ABC's Wide World of Sports: Remembering Jim McKay and Charlie Jones
Sports fans need more than a passing knowledge of the impact of journalists who were also very much aware of their part in relating contemporary human history whether on ABC's Wide World of Sports, or be it the not so uncommon provocative sports photo published without textual context.
Jim McKay survived commanding a minesweeper during World War II and choose to be a journalist in the tradition of the great journalists of his era.
Eventually he accepted a role from Roone Arledge's concept known as ABC's Wide World of Sports.
Those early broadcasters provided fans of my age sports journalism and its historical perspective "in real time" with similar performance to the great CBS news broadcasters Edward R. Murrow and Eric Sevareid, and now NBC's Tim Russert included by his untimely death June 13, 2008. History remembers all of them in superlatives.
Many others working in radio and television broadcasting companies were recognized for maintaining high standards in the 20th Century, and certainly many will in the 21st. Broadcasting producers and the executives of the broadcasting companies should take note history with not remember their accomplishments much from their to often selection of broadcast journalists in news, sports, and elsewhere for their media star "eye candy" potential only.
History revers those who broadcast with an understanding of what history means to their journalism, regardless of the unquestionable commercial entertainment value behind the incredible growth of contemporary sports broadcasting, television, and certainly the current explosion in Internet delivered video.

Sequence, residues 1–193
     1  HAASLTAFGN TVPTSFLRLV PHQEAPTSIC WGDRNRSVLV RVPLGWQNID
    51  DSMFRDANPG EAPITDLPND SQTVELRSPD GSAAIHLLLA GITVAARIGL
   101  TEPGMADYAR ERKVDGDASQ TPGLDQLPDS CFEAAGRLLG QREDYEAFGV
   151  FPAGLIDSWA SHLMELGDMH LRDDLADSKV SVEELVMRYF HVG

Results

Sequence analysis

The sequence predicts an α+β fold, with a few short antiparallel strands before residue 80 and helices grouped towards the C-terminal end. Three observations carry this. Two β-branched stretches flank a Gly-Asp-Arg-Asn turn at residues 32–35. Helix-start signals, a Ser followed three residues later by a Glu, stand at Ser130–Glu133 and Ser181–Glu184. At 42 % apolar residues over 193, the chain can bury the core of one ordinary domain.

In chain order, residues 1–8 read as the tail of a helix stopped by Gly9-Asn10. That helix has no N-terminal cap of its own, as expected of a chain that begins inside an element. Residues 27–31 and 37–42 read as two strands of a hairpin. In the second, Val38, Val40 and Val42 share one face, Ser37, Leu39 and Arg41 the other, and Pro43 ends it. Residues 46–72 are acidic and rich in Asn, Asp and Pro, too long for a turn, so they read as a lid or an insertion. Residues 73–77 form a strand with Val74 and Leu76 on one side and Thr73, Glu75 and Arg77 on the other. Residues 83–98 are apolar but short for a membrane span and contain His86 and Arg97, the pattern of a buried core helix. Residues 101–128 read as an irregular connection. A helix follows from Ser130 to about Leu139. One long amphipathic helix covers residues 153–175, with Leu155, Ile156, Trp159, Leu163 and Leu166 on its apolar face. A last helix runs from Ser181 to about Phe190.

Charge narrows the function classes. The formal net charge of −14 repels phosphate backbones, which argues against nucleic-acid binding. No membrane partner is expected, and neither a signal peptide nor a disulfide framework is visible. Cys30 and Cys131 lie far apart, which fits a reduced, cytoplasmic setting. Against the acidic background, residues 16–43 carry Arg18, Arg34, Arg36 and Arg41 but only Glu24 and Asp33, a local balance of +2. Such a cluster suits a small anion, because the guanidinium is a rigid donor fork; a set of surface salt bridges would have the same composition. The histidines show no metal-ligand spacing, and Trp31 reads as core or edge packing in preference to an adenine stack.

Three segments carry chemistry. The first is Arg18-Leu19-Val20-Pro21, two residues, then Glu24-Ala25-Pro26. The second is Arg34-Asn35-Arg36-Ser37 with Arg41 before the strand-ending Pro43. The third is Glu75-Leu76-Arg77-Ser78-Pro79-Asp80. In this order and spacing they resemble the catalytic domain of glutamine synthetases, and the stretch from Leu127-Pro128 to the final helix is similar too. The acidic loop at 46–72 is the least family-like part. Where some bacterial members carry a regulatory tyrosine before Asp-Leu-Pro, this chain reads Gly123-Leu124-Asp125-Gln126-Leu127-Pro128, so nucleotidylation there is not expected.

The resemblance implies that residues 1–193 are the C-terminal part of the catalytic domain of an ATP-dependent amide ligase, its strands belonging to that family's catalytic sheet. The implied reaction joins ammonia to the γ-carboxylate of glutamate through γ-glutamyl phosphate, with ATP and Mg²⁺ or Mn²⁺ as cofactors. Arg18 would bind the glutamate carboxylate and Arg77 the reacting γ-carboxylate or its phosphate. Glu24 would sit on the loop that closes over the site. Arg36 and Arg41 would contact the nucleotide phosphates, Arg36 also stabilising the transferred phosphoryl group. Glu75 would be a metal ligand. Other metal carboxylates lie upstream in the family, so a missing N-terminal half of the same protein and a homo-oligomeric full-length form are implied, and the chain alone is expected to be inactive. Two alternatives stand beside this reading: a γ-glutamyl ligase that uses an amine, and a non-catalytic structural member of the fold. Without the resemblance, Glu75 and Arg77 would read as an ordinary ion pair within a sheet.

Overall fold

The rest is history and Jim (McManus) McKay, a historian, who just happened to spend the last 48 years of his life as a sports announcer on television starting with ABC's Wide World of Sports, which is merely the second half of one Century's video form factor recording history, a blink of eye in historical time. From the beginning of human interaction to convey information to the invention of the printed word, radio and television broadcast, and now, Internet, as well as all future journalism needs contextual individual wordsmiths emoting such as Mckay to be real journalism and connect us with our history.
People are not wired to get enough from video, and God help us if the cloning advocates genetically mess up our left or right brain capabilities.
It’s the Age of the Right Brain. Margaret Riegel ... development into shape, he told The New York Times about his new approach. “It’s more right brain. ...
Sports fans who contribute and enjoy Internet websites such as the Bleacher Report know better. Print journalism, whether it is published in newspapers, websites, or hieroglyphics's on Chauvet-Pont-d'Arc cave walls in France, will never go away. http://www.culture.gouv.fr/culture/arcnat/chauvet/en/.
McKay and his successful contemporaries may have been merely sports journalist commenting on television images. But it was done by interrelating the images and the wider contemporary historical context behind the sports performance being viewed.
Yesterday Charlie Jones, another broadcast sports journalist, prolific writer, and historian passed at age 77, while still at work in Torrey Pines, CA covering the PGA's US Open: Charlie Jones. Bio for Charlie Jones, co-host of "Golfing Around The World"Charlie Jones is a Pro Football Hall of Fame inductee and the co-author of "Be The Ball: A Golf Instruction Book for the Mind' www.wsradio.com/GOLFINGAROUND/charliejones.htm
The power of peer to peer Internet sites such as Bleacher Report is apparent by the mere fact as I write this even USToday hasn't reported Jones' passing, although Wikipedia has, and now I report it on Bleacher Report.
I'm looking forward to Bleacher Report participants stepping up to carry on sports journalism and its insightful connection with human recorded history.
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